• More money for Discretionary Housing Payments to compensate for losses due to the Benefit Cap and prevent evictions and homelessness.
  • Extra money for child benefits to address child poverty and meet child poverty reduction targets.
  • More money for the Scottish Welfare Fund to meet growing needs as a result of further cuts coming on line and the spread of Universal Credit. Also, to provide help for those suffering from cuts to disability benefits, including those who have lost help with mobility while we wait for the Scottish Government to take over PIP.
  • A living wage for carers.
  • Help for people whose benefits have been sanctioned (challenging the interpretation of UK legislation).
  • More help for welfare advice so people get what they are due from the DWP.

We argued that money could be made available for this through a more progressive use of the Income Tax powers, and – in the longer term – by replacing Council Tax with Land Value Tax. And that money could also be freed up by scrapping subsidies for first time house buyers, which are widely recognised as pushing up prices for all.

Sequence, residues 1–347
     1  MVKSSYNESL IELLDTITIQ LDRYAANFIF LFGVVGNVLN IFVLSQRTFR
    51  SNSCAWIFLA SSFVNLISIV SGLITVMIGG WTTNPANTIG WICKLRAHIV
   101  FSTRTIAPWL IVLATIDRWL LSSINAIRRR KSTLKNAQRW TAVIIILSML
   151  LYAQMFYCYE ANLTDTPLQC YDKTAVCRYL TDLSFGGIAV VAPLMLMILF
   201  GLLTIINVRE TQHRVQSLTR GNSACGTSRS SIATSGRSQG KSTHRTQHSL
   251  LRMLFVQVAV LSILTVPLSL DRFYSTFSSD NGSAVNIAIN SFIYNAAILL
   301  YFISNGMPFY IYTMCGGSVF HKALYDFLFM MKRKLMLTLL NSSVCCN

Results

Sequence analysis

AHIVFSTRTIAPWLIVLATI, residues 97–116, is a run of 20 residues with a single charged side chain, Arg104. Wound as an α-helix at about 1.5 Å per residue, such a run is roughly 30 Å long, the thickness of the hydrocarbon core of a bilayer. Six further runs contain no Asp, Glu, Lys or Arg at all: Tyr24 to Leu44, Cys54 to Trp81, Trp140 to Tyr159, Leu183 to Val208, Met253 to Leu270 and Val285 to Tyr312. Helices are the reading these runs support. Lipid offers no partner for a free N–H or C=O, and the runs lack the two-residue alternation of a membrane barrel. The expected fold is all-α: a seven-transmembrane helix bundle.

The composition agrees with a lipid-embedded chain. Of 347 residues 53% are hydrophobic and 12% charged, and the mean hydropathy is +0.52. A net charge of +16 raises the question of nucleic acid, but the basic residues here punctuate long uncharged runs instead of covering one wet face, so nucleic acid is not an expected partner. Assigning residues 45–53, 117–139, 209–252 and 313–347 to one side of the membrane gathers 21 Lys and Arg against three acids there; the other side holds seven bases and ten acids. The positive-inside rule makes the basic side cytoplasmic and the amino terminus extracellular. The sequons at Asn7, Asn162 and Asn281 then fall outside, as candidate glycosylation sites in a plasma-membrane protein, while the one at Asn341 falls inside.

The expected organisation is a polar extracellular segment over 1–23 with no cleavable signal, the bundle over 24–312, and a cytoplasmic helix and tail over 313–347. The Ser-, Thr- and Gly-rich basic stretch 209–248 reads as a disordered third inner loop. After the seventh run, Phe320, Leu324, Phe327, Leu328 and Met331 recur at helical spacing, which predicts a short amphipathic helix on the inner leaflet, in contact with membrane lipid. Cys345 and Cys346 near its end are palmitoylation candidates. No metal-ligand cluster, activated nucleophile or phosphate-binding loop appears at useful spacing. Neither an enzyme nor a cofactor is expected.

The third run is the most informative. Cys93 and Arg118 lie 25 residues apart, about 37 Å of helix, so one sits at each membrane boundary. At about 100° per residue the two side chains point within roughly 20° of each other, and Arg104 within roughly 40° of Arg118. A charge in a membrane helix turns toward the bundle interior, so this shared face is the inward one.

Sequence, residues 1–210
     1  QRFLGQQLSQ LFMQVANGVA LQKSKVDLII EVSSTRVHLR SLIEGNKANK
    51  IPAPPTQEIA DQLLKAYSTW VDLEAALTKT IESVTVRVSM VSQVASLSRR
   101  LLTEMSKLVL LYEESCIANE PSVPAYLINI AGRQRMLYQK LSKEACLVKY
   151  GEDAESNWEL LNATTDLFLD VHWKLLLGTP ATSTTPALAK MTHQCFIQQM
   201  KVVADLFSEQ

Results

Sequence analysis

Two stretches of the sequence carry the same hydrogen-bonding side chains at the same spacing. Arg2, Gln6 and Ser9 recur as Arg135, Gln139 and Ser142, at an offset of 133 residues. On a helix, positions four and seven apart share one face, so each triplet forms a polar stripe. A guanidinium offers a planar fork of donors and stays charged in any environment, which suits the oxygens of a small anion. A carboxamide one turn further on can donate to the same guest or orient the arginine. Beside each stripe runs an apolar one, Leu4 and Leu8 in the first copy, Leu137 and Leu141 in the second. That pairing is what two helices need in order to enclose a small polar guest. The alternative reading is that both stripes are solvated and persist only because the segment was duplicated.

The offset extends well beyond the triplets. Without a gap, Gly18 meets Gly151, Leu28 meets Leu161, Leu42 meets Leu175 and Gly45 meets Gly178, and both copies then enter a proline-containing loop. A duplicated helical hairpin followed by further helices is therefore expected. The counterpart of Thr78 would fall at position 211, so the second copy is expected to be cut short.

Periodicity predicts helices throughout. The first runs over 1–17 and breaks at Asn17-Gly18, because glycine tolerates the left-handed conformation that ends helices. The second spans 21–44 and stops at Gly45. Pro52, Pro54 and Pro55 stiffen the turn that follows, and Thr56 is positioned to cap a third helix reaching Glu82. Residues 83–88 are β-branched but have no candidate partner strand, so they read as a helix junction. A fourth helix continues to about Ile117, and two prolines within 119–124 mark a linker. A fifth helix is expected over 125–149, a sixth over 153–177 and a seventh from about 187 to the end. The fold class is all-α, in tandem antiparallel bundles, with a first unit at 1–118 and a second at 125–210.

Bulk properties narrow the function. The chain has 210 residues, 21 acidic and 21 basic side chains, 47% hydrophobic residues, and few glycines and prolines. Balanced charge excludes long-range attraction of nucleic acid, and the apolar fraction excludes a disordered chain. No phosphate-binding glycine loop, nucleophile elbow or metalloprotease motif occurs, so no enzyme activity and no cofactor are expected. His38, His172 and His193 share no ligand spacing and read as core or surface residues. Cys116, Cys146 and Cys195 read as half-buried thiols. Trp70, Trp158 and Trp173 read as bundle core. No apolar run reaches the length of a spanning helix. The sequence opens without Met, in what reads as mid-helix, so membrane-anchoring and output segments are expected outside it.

We further argued that failure to provide further mitigation of the impact of benefit cuts could prove the much more costly option in the long run – financially as well as socially. Mitigating benefit cuts is an investment in society. It puts money into the economy of the poorest areas, and it helps to prevent numerous negative (and expensive) social consequences, including the current epidemic of poor mental health.

We hope that the petitions committee will be able to take these issues further.

Dr Sarah Glynn for the Scottish Unemployed Workers’ Network


Why so many Universal Credit sanctions?

David Webster